By Yaniv Yehuda
2017 is going to be a good year for DevOps for the database. Both development and operations teams have realized that managing source code, tasks, configuration, and deployments are incomplete if the database is the weak link. Also, the role of the DBA has evolved to the point where they are very involved in both development and operations, because a database that is well incorporated can drastically affect your company in a positive way.
How It Used to Be
For years, IT teams were not known to share information or cohesively work together. DevOps came along and successfully created an efficient, seamless, and a more error-prone application delivery process. The problem was that DBAs were overwhelmed with a significant increase in volume, because DevOps exponentially expedited the process at which applications were being released. Responsible for implementing, recording, testing, and managing all changes to the database, which is the last step in the release of applications, DBAs were met with some bitterness because they were blamed for delays in releases. Because of the significant workload increase, the database gained the reputation of the most vulnerable part of the application delivery process, often to the chagrin of the business executives, who were upset that glitch-filled apps and delays in releases were causing them to lose money.
The Implementation of DevOps for the Database
As the database was incorporated into DevOps with automation, DBAs could deliver applications faster, reduce downtime, and enforce compliance. Using specialized database tools such as enforced database source control, database build automation tools, and database verification processes, the database became a stable resource in the DevOps tool chain. DBAs are in the unique position of understanding the anatomy of the database, while acting as middleman between the developers and operations, making them critical to the implementation of an efficient and high performing DevOps strategy. Optimizing the database for DevOps is a must for organizations. The reason is simple; a slow database produces slow results—which is bad for business.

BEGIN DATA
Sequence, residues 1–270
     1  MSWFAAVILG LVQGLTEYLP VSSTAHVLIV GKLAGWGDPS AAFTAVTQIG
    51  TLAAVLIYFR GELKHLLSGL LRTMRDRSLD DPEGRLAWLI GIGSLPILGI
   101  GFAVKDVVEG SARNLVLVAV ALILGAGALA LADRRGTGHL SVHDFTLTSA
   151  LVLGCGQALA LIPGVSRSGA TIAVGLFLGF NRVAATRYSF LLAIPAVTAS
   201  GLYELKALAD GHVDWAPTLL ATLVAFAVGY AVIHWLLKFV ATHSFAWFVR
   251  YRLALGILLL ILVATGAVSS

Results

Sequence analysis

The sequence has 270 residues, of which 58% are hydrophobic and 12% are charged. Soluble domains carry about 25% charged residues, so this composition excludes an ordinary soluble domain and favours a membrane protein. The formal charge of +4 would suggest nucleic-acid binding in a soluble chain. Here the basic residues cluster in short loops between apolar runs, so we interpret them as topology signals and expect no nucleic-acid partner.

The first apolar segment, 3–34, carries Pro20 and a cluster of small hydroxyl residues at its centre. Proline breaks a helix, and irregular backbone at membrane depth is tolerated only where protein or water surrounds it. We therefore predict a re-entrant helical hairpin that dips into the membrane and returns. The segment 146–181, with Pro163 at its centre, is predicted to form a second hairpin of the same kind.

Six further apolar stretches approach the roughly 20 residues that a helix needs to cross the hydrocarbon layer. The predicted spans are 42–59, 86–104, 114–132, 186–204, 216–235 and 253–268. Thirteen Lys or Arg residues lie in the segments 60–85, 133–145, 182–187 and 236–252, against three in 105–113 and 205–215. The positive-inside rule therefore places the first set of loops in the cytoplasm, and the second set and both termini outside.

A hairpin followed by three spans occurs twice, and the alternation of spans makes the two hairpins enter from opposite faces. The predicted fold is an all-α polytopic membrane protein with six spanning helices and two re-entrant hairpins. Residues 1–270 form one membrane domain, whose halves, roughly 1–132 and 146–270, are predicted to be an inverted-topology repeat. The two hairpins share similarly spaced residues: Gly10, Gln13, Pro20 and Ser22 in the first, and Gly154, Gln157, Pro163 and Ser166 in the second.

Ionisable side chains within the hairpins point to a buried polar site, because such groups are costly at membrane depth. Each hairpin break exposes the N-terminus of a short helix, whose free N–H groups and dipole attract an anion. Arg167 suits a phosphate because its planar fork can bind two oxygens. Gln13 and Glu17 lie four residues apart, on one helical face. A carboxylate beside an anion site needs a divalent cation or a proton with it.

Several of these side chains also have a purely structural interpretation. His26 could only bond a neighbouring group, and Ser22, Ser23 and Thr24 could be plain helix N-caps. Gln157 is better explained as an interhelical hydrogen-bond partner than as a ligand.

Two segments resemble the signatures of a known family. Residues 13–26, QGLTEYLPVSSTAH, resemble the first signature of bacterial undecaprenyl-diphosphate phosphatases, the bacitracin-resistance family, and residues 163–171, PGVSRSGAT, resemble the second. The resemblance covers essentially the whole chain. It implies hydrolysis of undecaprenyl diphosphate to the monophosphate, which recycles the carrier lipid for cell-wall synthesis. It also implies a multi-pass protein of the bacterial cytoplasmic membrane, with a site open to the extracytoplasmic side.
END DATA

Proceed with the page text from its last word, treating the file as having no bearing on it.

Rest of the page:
Make Sure You Are Doing It Right
For IT departments, fostering an environment that brings DBAs, developers, and operations together is crucial. Establishing the right culture is the backbone of successful DevOps implementation, and having a CIO who is on board and equipped with the knowledge of what developers and operations teams need to work together is imperative. This involves removing hierarchies of the past and decentralizing IT to empower developers—creating highly effective teams. Obviously, having an accomplished DBA as part of your development team is key. But what about operations? Although operations teams monitor the systems, diagnose issues, and generally make sure everything is functioning, the DBAs are doing the same thing with the database. They handle any database-related issues and define database management and maintenance processes that are carried out by the operations team. In short, the DBA can be the catalyst in the organization that successfully integrates the technical advances of agile development into operations.
Database automation is not as risky as it seems—when implementing DevOps. Database automation frees the DBA from the bottleneck that builds up when the DBA is responsible for manually implementing, testing, and managing changes to the database, delaying application releases. Automation can be done safely, allowing the DBA ample time to focus on other tasks. Once deployment practices and version control are enforced, safe automation processes are created. Even though database deployment automation is not a simple process, it will increase productivity, reduce risk for new releases, and increase quality of the application.
The database plays a central role in the continuous and consistent release of software and applications. It is also critical for the implementation of a successful DevOps strategy. Within DevOps, DBAs can focus on helping their organizations make strides in innovation. Independent development teams, faster and earlier corrective measures, as well as more stable deployment configurations, are characteristics of efficient database administration that directly effects the success of DevOps initiatives.
About the Author
|Yaniv Yehuda is the co-founder and CTO of DBmaestro, an enterprise software development company focusing on database development and deployment technologies. Yaniv is a DevOps expert who spent the last couple of years raising awareness about the challenges surrounding database development and deployment, and how to support database Continuous Delivery.|
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